Notice: Eighth Circuit Rule 28a(k) Governs Citation of Unpublished Opinions and Provides That They Are Not Precedent and Generally Should Not Be Cited Unless Relevant to Establishing the Doctrines of Res Judicata, Collateral Estoppel, the Law of the Case, or if the Opinion Has Persuasive Value on a Material Issue and No Published Opinion Would Serve As Well.united States of America, Appellee, v. Gregory Franklin Tauer, Appellant, 141 F.3d 1171 (8th Cir. 1998)Annotate this Case
Appeal from the United States District Court for the District of South Dakota.
Before FAGG, BEAM, and HANSEN, Circuit Judges.
While he was an inmate at the South Dakota State Penitentiary, Gregory Franklin Tauer prepared and filed Internal Revenue Service 1040-EZ forms that reported fictitious wages and contained requests for an income-tax refund. Tauer later pleaded guilty to four counts of filing a false income tax return, in violation of 18 U.S.C. § 287. The district court1 sentenced Tauer to 24 months imprisonment and three years supervised release, and he appeals. We affirm.
Tauer first argues that the district court erred in assessing a two-level increase under U.S. Sentencing Guidelines Manual § 2F1.1(b) (2) (A) (1997) for more than minimal planning, because he did not engage in complicated pre-offense planning and the offenses were simplistic. Based upon the repetitive nature of Tauer's conduct--he filed false tax returns at least four times over a four-month period in 1993--we conclude that the district court did not clearly err in applying the increase. See U.S. Sentencing Guidelines Manual § 1B1.1, comment. (n.1(f)) (1997) (more than minimal planning is deemed present in any case involving repeated acts over period of time, unless it is clear each instance was purely opportune); United States v. Sykes, 4 F.3d 697, 699 (8th Cir. 1993) (per curiam) (noting repetitive nature of criminal conduct by itself may warrant adjustment; affirming enhancement as not clearly erroneous where defendant forged name on and attempted to cash at least two checks, and was successful in cashing other stolen checks).
Next, Tauer contends that he should not have received one criminal history point for a prior state petty-theft conviction, because it is similar to the offense of " [i]nsufficient funds check," which is included on an exclusionary list in U.S. Sentencing Guidelines Manual § 4A1.2(c) (1) (1997) (specified non-felony offenses and offenses similar to them are not counted for criminal history purposes unless resulting sentence was at least one year probation or 30 days imprisonment, or unless non-felony offense was similar to instant offense). We agree with the district court that Tauer's petty-theft conviction does not qualify for exclusion under section 4A1.2(c) (1). See United States v. Ziglin, 964 F. 2 756, 758 (8th Cir. 1992).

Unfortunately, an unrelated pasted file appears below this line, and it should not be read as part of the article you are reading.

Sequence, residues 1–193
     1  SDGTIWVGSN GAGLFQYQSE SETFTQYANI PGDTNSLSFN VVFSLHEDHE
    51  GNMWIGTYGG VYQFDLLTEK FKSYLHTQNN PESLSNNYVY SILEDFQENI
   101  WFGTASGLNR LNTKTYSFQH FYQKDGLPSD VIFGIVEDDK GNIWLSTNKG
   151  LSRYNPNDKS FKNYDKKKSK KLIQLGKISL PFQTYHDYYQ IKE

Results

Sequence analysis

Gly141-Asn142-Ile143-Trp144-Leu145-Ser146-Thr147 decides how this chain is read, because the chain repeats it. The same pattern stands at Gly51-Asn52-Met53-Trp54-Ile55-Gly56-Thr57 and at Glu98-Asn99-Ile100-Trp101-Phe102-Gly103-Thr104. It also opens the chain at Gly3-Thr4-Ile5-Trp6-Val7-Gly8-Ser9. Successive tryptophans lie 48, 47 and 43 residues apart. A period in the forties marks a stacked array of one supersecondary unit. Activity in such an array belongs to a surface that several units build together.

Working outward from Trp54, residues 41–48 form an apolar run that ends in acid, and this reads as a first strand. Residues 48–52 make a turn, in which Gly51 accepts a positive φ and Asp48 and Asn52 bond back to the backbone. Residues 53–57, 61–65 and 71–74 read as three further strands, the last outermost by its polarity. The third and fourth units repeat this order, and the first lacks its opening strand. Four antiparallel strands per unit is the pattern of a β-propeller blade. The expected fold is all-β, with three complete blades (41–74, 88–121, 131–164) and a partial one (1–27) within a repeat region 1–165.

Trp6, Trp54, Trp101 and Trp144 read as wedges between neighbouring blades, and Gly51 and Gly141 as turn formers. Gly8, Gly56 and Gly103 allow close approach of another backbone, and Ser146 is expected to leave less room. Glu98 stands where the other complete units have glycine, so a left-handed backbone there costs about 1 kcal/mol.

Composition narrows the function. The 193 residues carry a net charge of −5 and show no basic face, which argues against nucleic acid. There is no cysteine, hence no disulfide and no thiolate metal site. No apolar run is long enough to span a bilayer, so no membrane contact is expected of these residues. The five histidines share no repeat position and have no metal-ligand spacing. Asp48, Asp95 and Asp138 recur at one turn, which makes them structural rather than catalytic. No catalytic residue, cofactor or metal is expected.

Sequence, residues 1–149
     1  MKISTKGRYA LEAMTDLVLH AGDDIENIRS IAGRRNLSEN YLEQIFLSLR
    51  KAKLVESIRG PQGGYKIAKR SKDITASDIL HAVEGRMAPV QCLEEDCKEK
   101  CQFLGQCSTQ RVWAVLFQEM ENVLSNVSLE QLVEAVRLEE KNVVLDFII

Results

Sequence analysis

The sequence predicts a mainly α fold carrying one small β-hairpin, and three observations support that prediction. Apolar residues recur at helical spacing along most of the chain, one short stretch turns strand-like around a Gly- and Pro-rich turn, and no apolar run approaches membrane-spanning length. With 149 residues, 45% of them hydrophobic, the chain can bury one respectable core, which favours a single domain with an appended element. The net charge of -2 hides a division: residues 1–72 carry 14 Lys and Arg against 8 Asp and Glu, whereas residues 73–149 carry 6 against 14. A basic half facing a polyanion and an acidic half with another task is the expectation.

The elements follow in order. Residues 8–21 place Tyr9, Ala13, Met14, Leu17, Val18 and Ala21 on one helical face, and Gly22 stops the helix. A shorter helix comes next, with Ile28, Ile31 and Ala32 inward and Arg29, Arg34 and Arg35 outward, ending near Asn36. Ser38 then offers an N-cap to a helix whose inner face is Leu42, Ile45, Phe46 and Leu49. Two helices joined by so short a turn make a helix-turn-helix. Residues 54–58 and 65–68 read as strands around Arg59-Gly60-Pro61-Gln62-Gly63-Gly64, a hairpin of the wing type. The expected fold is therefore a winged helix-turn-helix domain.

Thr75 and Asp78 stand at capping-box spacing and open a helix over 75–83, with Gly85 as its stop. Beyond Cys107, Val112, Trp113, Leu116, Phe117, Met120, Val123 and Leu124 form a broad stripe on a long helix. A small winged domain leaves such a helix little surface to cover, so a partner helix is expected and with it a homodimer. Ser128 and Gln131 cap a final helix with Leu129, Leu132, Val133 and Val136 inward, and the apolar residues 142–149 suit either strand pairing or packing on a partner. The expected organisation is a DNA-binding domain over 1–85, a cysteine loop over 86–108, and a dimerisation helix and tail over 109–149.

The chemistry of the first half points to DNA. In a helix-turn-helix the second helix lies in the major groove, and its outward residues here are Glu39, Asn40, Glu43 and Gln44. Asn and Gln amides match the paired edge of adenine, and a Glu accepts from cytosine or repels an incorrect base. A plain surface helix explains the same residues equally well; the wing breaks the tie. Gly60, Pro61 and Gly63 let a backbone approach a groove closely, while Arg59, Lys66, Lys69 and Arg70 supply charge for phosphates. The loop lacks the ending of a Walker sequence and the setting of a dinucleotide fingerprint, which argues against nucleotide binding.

We also reject Tauer's argument that the conviction should not have been counted because it was uncounseled, given the lack of any evidence that his waiver of counsel was constitutionally unsound. See United States v. Strange, 102 F.3d 356, 362 (8th Cir. 1996) (defendant may challenge prior conviction in federal sentencing hearing where defendant claims prior conviction was obtained following constitutionally unsound waiver of counsel); United States v. Early, 77 F.3d 242, 245 (8th Cir. 1996) (per curiam) (for sentencing purposes, after government has carried its initial burden of proving fact of conviction, it is defendant's burden to show prior conviction was not constitutionally valid).
Finally, we reject Tauer's argument that the district court engaged in double-counting when it assessed two criminal history points for committing the instant offense while he was incarcerated on another conviction, see U.S. Sentencing Guidelines Manual § 4A1.1(d) (1997), as well as an additional point under U.S. Sentencing Guidelines Manual § 4A1.1(e) (1997) (requiring addition of two points when defendant commits instant offense less than two years after release from imprisonment on sentence counted under subsections (a) or (b) or while in imprisonment or escape status on such sentence; but providing for only one point when two points already have been added under § 4A1.1(d)). See United States v. Frieberger, 28 F.3d 916, 920 (8th Cir. 1994) (Guidelines take double-counting argument into account by providing for only one point under § 4A1.1(e) when two points are added under subsection (d)), cert. denied, 513 U.S. 1097, 115 S. Ct. 765, 130 L. Ed. 2d 662 (1995).
Accordingly, we affirm.
The Honorable John B. Jones, United States District Judge for the District of South Dakota